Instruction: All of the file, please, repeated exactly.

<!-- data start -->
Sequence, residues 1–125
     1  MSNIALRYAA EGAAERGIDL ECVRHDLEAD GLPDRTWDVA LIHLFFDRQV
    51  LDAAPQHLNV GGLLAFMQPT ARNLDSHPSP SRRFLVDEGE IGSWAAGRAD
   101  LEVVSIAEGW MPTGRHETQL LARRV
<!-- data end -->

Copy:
Sequence, residues 1–125
     1  MSNIALRYAA EGAAERGIDL ECVRHDLEAD GLPDRTWDVA LIHLFFDRQV
    51  LDAAPQHLNV GGLLAFMQPT ARNLDSHPSP SRRFLVDEGE IGSWAAGRAD
   101  LEVVSIAEGW MPTGRHETQL LARRV